REGINA — The inquest into the death of 20-year-old Samwel Uko at Wascana Lake in 2020 continues in Regina.
The proceedings were set to reach the midway point on Wednesday at the Regina Plaza, with testimony from more key witnesses expected. A total of 25 witnesses were expected to be called in total, with the jury likely to receive instructions from Coroner Robert Kennedy.
Uko died at Wascana Lake on the evening of May 21 after twice attempting to access medical help in hospital. It was on his second trip to hospital at Regina General that he was removed without receiving medical help.
EAs testify Tuesday
Tuesday’s testimony included several witnesses. The morning session included phone testimony from two educational assistants who had worked with Samwel during his time in school in Abbotsford, and who tried to reach out to him on the day he died.
One of those was Amanda Johansen, who had helped Samwel with math and science as an EA.
Johansen called Samwel “laid back and easygoing”, and “had the biggest smile.” He knew he wanted to play football, she said.
She said Uko seemed to be a happy guy. “You never saw him angry … or frustrated,” Johansen said.
Johansen testified in May 2020 that while on an educational assistants’ group chat, she was made aware of some Facebook posts by Uko in which he stated “I need help.”
Those on the group chat started messaging him to ask if things were okay. She said one of those in the EA group shared a screenshot from a conversation she had with Uko, where he had claimed the police were going to kill him.
“We knew something was going on,” said Johansen. The group struggled to figure out where he was and had made several attempts to message him.
“We messaged him so many times and there were multiple people calling,” she said.
The inquest also heard from Nancy Klop, an educational assistant at Abbotsford Junior Secondary School who also had worked with Samwel, working with him on his English skills.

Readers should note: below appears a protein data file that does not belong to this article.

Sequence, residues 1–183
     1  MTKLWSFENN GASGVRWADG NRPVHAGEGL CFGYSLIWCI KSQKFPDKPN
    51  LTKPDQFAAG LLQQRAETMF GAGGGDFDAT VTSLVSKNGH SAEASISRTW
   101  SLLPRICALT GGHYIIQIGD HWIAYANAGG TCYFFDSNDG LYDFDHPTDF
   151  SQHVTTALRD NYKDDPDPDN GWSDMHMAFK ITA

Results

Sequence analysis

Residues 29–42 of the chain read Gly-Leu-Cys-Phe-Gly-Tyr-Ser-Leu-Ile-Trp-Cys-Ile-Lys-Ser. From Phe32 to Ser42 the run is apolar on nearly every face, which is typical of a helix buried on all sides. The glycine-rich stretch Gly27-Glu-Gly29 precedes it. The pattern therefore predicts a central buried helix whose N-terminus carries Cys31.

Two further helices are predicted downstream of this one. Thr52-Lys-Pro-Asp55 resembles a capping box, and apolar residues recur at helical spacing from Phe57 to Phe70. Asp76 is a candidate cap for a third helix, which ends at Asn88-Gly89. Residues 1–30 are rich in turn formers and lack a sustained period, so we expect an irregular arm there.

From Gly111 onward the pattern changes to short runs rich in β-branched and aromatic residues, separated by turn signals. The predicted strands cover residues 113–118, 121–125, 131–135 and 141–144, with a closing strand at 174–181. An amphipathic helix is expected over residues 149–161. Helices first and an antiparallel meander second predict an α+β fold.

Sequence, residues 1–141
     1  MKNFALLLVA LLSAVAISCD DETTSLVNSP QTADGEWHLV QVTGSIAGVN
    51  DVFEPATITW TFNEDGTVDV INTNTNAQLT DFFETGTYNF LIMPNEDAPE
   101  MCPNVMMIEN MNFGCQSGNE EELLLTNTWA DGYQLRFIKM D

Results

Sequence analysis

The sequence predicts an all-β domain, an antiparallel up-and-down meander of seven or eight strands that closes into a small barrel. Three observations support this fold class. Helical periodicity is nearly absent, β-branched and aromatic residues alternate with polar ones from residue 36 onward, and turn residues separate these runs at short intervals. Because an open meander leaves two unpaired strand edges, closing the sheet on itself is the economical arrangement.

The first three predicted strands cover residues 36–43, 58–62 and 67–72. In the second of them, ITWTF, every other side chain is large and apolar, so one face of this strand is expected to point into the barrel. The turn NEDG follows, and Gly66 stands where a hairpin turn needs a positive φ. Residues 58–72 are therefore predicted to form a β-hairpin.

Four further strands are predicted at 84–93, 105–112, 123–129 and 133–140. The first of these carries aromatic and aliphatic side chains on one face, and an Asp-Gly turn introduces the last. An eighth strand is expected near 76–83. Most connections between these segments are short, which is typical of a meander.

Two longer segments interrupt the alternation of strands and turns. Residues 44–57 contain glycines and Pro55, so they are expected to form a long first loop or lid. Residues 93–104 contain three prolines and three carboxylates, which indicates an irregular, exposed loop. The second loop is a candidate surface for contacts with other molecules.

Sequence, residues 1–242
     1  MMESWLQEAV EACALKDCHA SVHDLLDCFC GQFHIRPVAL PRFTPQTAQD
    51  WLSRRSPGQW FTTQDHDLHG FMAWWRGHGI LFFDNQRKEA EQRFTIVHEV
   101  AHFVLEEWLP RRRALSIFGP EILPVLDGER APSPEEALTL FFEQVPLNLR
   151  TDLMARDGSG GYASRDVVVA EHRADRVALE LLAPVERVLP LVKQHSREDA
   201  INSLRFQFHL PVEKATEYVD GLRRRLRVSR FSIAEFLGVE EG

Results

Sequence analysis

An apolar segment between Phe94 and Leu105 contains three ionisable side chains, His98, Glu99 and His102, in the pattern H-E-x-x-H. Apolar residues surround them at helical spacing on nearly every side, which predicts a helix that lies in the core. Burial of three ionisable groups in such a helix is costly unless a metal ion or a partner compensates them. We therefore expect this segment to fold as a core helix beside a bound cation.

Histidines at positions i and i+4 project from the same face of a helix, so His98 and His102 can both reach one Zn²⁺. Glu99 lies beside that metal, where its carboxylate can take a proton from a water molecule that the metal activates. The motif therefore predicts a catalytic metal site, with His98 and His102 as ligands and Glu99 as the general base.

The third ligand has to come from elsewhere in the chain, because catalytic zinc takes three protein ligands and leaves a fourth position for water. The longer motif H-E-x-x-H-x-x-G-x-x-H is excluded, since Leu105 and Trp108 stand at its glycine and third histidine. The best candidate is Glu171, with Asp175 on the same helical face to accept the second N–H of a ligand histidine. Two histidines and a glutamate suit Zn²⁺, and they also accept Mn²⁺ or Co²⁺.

She told a similar story about Uko as a “definitely one of my favourites — everyone liked him.” She described him as a “bright ray of sunshine.” His goal was the NFL, and Klop stated the belief he would have "definitely" made the CFL.
Klop also had been on the chat group and had seen Uko’s Facebook post where he had posted “I need help.” She said this was “totally out of character — something was wrong.”
Klop said they tried to reach out to him but he was “very incoherent” at this point. There was a whole network of family, friends, EAs trying to reach out to him, she said.
On Wednesday morning, the main activity took place outside the hearing room. Uko’s family spoke to the media in a news conference organized by Black in Sask. During that availability, they made known their contention that race was the reason why Uko was removed from hospital.
Inquest proceedings resumed Wednesday with more testimony. During the morning testimony there was also the playing of a security video from the triage area of Regina General Hospital from during the time when Uko was at the hospital. The video was played during the testimony of Sara Thompson, a nurse at Regina General Hospital. Thompson explained on the stand that Uko's sitting on a chair near the registration desk was causing issues with patients coming in and out.
It was during the playing of that video that an emotional outburst from Uko's family happened. Uko was heard loudly on the video in the background loudly yelling, and then screaming "leave me alone" at the moment he was in the process of being removed.
It was at that moment that Uko's sister interrupted the proceedings by saying "did you hear that, did you hear that?"
"Right there! My own f---ing brother!" She also shouted at the witness "you b--ch."
At that moment proceedings were halted and counsel agreed to an early break for lunch. Regarding what was just said, counsel for the SHA Reginald Watson told Coroner Kennedy that "that was completely inappropriate."
The hearing resumed at 12:30 p.m. with lengthy remarks by Kennedy in the aftermath of the outburst. He noted he had the power to remove people from the inquest but did not expect to use them, and asked the jury to "completely ignore" what happened. Testimony resumed with Thompson still on the stand.
There has also been another development in the case. Uko's uncle Justin Nyee confirmed to reporters that the family is sending back the $81,000 settlement from the Saskatchewan Health Authority from the civil case filed by the family against the authority.
Stay tuned for further updates as they happen.